The word of course, sounds taboo in modern society. Flashes of totalitarianism, poverty, and general disinterest in human rights appear in the typical American citizen’s mind. That false image, brought about by the Red Scares and pseudo-communist dictatorships such as the Union of Soviet Socialist Republics (USSR) and China, constitutes a small percentage of the anti-capitalist ideology.

The doctrine of anarcho-communism, a communist society without government, as described famously by Peter Kropotkin in his book, holds the key to stopping the systemic oppression found in governmental capitalism. Removing corrupt government influenced by capital gain can mean the restoration of a moral society, and one that rewards charitable spirits and a closely bonded community, not a greedy, selfish society that prides itself on individual members instead of the collective whole.

This radical idea puts many off. “Communism only works on paper,” as the age-old phrase says. If one opens their mind and considers the moral faults in a capitalistic society, a communist society may not sound so crazy. Money causes wars around the world, as nations and corporations compete for resources and power over others, and the deaths caused by capitalism innumerably illuminate the destruction greed causes. Communism rids humanity of this greed, as it promotes the wellbeing of all citizens, not just one’s self. In this type of society, crimes intended to gather wealth, such as stealing, tax evasion, and selling of illicit drugs, dissipate as people hold the basic right to life and do not need to resort to extreme measures for survival.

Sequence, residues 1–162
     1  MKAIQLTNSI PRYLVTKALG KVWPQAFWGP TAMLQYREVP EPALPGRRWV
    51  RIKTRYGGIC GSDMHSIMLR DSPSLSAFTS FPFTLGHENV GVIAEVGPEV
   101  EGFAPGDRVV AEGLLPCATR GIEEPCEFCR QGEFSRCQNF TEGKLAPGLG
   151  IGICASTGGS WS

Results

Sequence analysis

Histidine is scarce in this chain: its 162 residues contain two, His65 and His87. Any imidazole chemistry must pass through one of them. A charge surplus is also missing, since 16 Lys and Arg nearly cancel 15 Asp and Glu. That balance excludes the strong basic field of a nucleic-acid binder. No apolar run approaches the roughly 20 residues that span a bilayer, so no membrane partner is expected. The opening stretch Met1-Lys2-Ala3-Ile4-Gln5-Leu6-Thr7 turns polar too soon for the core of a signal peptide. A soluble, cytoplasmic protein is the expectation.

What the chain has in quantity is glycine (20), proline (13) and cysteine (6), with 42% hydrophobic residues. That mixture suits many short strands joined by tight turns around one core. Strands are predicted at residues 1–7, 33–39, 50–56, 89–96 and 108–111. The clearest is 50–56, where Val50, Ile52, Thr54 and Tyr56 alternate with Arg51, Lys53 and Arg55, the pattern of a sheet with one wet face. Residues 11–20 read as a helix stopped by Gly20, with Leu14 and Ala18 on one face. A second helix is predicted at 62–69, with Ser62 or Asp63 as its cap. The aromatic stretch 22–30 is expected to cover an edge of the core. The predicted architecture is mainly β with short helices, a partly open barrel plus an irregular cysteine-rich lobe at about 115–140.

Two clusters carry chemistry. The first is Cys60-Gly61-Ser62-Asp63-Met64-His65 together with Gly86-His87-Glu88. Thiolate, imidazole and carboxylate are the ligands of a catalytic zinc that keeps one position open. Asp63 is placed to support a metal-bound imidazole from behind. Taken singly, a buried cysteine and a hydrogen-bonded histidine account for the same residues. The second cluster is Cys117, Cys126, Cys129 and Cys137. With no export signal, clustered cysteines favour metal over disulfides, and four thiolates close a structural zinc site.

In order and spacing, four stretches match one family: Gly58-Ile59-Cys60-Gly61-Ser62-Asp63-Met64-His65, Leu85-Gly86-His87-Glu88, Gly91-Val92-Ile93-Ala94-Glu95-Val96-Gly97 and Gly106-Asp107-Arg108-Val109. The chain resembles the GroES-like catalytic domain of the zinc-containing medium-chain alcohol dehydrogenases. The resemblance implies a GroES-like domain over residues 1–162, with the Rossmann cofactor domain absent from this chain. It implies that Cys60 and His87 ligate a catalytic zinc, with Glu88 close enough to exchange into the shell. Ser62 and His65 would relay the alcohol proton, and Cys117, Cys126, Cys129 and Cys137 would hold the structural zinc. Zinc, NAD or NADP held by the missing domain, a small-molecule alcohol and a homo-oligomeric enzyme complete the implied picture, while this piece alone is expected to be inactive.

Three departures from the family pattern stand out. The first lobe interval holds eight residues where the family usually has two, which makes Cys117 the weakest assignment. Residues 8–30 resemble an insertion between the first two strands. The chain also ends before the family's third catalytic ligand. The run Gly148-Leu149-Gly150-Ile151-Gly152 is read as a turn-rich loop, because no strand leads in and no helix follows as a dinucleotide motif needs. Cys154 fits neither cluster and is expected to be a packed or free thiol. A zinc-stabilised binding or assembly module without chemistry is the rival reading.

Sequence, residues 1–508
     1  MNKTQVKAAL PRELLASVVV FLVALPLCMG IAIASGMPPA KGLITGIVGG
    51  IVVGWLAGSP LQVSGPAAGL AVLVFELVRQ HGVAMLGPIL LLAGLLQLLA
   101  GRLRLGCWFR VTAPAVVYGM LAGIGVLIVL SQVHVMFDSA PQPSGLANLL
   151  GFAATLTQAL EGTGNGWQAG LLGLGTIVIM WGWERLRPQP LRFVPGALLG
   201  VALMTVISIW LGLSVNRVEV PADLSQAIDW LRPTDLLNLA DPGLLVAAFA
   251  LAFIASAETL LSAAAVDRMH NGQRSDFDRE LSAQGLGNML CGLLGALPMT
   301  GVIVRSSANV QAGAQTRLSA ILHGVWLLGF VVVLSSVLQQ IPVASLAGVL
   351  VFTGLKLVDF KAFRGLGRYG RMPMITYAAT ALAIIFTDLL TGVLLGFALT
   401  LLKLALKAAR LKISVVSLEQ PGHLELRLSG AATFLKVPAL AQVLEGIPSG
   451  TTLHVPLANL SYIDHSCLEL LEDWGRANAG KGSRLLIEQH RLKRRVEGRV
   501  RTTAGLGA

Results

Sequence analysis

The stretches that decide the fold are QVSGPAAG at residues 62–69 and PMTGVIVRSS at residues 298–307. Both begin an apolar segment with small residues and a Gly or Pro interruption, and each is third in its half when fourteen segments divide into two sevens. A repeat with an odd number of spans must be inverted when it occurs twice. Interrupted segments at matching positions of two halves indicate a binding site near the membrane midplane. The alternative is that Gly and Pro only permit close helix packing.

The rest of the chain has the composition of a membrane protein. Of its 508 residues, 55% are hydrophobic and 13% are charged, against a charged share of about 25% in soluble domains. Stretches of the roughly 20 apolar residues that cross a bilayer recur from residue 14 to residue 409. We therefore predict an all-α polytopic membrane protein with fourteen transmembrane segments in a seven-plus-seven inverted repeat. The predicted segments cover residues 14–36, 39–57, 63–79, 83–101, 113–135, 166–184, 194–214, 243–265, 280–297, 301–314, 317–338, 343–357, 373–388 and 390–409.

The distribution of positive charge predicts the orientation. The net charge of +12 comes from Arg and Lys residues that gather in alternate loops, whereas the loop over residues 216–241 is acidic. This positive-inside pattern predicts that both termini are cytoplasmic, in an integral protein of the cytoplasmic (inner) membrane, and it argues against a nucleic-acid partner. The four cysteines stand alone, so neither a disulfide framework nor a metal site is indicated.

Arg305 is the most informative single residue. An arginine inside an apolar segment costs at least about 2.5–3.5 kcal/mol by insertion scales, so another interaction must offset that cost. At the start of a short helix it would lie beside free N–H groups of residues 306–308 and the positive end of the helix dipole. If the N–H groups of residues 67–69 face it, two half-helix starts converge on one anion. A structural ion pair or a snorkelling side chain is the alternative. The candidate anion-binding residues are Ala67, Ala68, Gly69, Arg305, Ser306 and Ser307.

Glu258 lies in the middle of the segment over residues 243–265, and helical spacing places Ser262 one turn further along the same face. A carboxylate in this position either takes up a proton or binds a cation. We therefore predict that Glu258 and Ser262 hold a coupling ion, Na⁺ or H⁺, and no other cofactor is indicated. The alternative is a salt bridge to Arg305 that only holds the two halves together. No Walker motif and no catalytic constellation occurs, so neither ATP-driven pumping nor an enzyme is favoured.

Examples of radical politically leftist societies, though small, show positive real life application. Republican-held territories during the Spanish Civil War applied the philosophy of anarcho-communism, and though short lived due to Stalinist-led forces, they thrived. Today, socialism provides an outlet for leftist activists, and countries such as Sweden, Denmark, Cuba, and Canada include some form of socialist policy in their law. The United States even signed legislation directly fought for by socialists, most notably the Social Security Act and the Affordable Care Act.

Popular political ideology seems to reflect these changes in law, as around say they would prefer a socialist nation over a capitalistic one. Even a popular democratic candidate for president during the 2016 election, Bernie Sanders, proudly identified as a democratic socialist.

Anti-capitalism efforts continually make the world for the poverty stricken population better, and without those efforts, rampant amoralism would ensue. Capitalism replaces compassion with profit seeking, and though it proves more efficient than the leftist ideologies, capitalism kills with poverty every day. Socialism and anarcho-communism provide a happier alternative and help give all people the basic right to life. If the recent repeals of needed regulation by shameless capitalist Donald Trump continue, both humanity and the environment will suffer. Capitalism, the root of most global issues, deserves absolute destruction.